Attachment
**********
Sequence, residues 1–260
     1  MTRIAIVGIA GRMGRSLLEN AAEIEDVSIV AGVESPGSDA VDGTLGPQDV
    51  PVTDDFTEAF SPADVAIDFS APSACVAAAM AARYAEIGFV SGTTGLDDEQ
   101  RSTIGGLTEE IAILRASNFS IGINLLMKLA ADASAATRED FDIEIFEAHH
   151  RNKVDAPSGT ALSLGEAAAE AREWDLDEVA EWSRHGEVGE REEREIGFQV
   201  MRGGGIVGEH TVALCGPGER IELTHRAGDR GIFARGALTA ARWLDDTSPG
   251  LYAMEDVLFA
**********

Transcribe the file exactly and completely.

Sequence, residues 1–260
     1  MTRIAIVGIA GRMGRSLLEN AAEIEDVSIV AGVESPGSDA VDGTLGPQDV
    51  PVTDDFTEAF SPADVAIDFS APSACVAAAM AARYAEIGFV SGTTGLDDEQ
   101  RSTIGGLTEE IAILRASNFS IGINLLMKLA ADASAATRED FDIEIFEAHH
   151  RNKVDAPSGT ALSLGEAAAE AREWDLDEVA EWSRHGEVGE REEREIGFQV
   201  MRGGGIVGEH TVALCGPGER IELTHRAGDR GIFARGALTA ARWLDDTSPG
   251  LYAMEDVLFA